The topic at hand has sparked vigorous debate within the loyal Arsenal fanbase, and even broaching the subject feels somewhat risky, akin to the potential transfer of Ivan Toney to North London.
Undoubtedly, a player who has netted 32 goals in the past two Premier League seasons will garner considerable attention.
However, amidst the fervor surrounding his potential move, a crucial aspect appears to have been overshadowed.
Rumors of the England international’s link to Arsenal have persisted since the summer, even preceding his suspension. This interest remains, with numerous clubs eyeing a potential January exit from Brentford.
In a different context, a couple of years ago, when discussing Toney’s current status, enthusiasm from a footballing perspective might have been more pronounced.
Arsenal’s signings aimed to secure a return to and establishment in the Champions League, with players like Gabriel Jesus arriving from Manchester City, and this goal has been largely achieved.
Nevertheless, Arsenal’s next challenge is to narrow the gap with treble winners Manchester City, aiming to win the league themselves.
Thus, the question arises: If Gabriel Jesus is deemed inadequate for this task, why should Toney be the solution?
This is where the argument for signing Toney falters.
He does not represent a significant upgrade over the Brazilian, let alone an avenue to close in on the likes of Erling Haaland.
Haaland’s elite caliber should be the target for Arsenal’s next move, or at least a player with the potential to reach that level, whereas 27-year-old Toney is unlikely to do so in his prime years.
Mikel Arteta’s system demands more from a center-forward than just goals, making Jesus a stylistically perfect fit. Last season, Toney’s non-penalty goals and assists per 90 statistics were 0.55, compared to Jesus’ 0.7, while Haaland boasts 1.2, more than double Toney’s, according to FBRef.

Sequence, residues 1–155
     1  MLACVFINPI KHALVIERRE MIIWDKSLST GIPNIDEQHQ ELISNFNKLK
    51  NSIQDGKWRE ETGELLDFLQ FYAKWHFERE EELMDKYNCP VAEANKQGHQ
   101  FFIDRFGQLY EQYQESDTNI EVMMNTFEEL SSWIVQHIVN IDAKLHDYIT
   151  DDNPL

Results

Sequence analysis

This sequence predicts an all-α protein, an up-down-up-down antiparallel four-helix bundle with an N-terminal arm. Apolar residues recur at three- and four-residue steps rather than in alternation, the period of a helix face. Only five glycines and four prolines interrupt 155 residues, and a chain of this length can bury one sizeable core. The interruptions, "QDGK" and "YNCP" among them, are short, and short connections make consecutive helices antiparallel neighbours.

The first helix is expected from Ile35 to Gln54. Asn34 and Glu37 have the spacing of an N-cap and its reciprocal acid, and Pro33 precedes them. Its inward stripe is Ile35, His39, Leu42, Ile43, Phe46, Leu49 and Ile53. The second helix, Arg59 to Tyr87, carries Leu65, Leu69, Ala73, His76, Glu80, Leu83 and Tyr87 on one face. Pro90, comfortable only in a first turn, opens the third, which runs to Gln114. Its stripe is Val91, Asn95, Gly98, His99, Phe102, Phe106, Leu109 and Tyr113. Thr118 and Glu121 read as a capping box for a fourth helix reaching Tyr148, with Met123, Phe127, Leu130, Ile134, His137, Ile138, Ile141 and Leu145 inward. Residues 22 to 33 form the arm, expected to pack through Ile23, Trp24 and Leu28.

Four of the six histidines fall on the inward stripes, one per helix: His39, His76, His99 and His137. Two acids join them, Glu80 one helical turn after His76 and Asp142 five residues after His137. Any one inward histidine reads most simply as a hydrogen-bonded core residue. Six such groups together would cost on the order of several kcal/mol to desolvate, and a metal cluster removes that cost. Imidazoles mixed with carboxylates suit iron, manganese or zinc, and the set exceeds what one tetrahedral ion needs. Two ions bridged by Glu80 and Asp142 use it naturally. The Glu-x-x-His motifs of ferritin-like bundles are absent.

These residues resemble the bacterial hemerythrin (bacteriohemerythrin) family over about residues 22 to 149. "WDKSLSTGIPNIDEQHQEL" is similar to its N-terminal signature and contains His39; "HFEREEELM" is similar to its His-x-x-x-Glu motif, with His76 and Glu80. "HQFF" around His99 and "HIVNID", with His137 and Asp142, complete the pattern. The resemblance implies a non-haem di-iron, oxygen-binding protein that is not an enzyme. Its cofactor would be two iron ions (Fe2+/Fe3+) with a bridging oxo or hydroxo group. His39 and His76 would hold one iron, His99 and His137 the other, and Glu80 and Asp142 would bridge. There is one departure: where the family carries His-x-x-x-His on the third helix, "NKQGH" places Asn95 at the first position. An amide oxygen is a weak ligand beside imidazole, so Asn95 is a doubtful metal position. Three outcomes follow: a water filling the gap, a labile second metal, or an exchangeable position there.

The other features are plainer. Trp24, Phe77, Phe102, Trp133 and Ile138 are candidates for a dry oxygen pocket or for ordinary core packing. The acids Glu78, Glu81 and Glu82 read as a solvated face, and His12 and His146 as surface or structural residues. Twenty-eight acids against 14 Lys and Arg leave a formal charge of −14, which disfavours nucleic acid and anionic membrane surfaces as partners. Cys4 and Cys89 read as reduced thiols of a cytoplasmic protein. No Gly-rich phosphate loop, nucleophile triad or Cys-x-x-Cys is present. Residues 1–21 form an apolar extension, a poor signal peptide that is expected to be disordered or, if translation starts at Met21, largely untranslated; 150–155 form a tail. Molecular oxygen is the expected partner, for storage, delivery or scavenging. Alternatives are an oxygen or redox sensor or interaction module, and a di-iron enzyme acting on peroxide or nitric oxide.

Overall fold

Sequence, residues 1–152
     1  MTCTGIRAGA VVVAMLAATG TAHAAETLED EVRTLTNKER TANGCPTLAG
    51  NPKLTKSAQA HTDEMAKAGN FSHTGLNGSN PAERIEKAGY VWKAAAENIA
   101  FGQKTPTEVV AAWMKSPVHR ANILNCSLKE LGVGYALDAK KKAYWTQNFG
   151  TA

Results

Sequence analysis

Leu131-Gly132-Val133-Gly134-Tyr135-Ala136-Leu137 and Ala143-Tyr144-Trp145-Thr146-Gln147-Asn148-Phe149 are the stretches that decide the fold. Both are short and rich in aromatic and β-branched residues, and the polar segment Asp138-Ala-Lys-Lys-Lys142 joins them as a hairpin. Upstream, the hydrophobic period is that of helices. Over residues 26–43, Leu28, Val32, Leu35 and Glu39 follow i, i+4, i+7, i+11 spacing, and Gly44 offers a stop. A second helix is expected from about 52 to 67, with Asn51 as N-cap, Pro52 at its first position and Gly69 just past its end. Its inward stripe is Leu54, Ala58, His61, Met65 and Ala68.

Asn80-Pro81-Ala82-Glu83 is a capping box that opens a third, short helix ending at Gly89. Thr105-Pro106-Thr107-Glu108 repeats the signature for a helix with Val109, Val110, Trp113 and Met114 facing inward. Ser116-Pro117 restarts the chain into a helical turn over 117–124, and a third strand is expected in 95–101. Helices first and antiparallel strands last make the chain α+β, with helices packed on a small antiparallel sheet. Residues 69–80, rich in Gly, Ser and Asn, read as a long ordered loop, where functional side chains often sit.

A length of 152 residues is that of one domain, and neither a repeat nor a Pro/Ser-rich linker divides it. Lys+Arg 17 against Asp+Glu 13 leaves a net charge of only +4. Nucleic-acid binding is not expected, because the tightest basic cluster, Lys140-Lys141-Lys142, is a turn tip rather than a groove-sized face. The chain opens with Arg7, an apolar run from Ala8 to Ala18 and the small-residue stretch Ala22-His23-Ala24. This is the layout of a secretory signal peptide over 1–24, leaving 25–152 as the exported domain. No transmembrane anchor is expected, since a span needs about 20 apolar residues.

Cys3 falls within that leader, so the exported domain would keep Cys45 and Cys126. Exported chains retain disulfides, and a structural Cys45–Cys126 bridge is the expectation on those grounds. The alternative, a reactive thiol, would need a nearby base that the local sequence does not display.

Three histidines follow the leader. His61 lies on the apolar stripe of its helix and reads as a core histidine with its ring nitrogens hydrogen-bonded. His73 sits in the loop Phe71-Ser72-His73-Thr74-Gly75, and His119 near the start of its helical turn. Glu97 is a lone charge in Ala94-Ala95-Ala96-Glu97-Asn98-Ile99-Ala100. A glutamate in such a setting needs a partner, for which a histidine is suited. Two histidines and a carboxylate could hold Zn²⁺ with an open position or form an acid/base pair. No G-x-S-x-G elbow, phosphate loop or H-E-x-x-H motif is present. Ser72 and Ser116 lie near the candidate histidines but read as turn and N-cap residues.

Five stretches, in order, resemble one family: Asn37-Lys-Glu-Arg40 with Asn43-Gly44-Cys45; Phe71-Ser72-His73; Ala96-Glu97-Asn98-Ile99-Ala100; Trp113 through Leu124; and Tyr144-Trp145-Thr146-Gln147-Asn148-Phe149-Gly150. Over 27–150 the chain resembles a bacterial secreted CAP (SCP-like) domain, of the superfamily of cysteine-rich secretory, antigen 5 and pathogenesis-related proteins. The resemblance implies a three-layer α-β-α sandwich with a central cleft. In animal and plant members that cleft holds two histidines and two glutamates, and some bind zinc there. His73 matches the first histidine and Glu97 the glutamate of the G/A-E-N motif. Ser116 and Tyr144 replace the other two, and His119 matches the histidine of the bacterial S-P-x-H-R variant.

Claims that Toney would improve in an Arsenal side surrounded by better players do not hold up.
Leandro Trossard, for instance, has remained as impactful at Arsenal as he was at Brighton, despite the superior quality of his teammates, thanks to Arteta’s influence.
Then there’s the matter of the price tag, which has fluctuated between £60 million and £80 million this week. This sum seems excessive for a player who, in my view, has not yet attained elite or world-class status.
So, who is the alternative? The list of elite strikers is not long, and most of them are either unavailable or already at top clubs.
Victor Osimhen seems a compelling option, with recent issues at Napoli possibly paving the way for his exit.
However, the price tag may well exceed £100 million, a reflection of the current market for world-class talent.
Alternatively, Arsenal could seek a player whose potential suggests they can reach elite status, surpassing Toney’s current level while also elevating the existing options.
Benjamin Sesko at RB Leipzig, having emerged from the Red Bull Salzburg development pipeline, is a name to watch.
In my opinion, it would be wise to wait until the summer to assess the striking options.
Rushing into a deal for Toney in January may yield short-term success, but it could prove difficult to displace him in the squad, as Arsenal discovered this past summer.
Furthermore, it’s important to emphasize that if Arsenal does proceed with the signing of Toney, Mikel Arteta’s track record in the transfer market has been commendable, despite initial doubts raised after the arrival of Kai Havertz.
Every player donning the red and white should be backed to succeed, regardless of individual opinions on the move. I, for one, hope that Ivan Toney proves me wrong sooner rather than later.